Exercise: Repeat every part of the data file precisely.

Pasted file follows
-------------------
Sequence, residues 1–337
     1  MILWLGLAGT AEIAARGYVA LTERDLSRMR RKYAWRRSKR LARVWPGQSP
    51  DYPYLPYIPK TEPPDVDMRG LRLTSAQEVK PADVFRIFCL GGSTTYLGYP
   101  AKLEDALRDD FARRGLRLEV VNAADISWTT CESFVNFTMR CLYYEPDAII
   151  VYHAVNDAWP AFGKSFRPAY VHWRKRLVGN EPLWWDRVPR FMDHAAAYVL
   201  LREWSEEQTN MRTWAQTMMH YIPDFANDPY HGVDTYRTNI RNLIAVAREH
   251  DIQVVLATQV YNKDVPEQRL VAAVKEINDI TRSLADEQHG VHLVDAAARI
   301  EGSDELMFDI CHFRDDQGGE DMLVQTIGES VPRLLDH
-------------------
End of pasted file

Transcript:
Sequence, residues 1–337
     1  MILWLGLAGT AEIAARGYVA LTERDLSRMR RKYAWRRSKR LARVWPGQSP
    51  DYPYLPYIPK TEPPDVDMRG LRLTSAQEVK PADVFRIFCL GGSTTYLGYP
   101  AKLEDALRDD FARRGLRLEV VNAADISWTT CESFVNFTMR CLYYEPDAII
   151  VYHAVNDAWP AFGKSFRPAY VHWRKRLVGN EPLWWDRVPR FMDHAAAYVL
   201  LREWSEEQTN MRTWAQTMMH YIPDFANDPY HGVDTYRTNI RNLIAVAREH
   251  DIQVVLATQV YNKDVPEQRL VAAVKEINDI TRSLADEQHG VHLVDAAARI
   301  EGSDELMFDI CHFRDDQGGE DMLVQTIGES VPRLLDH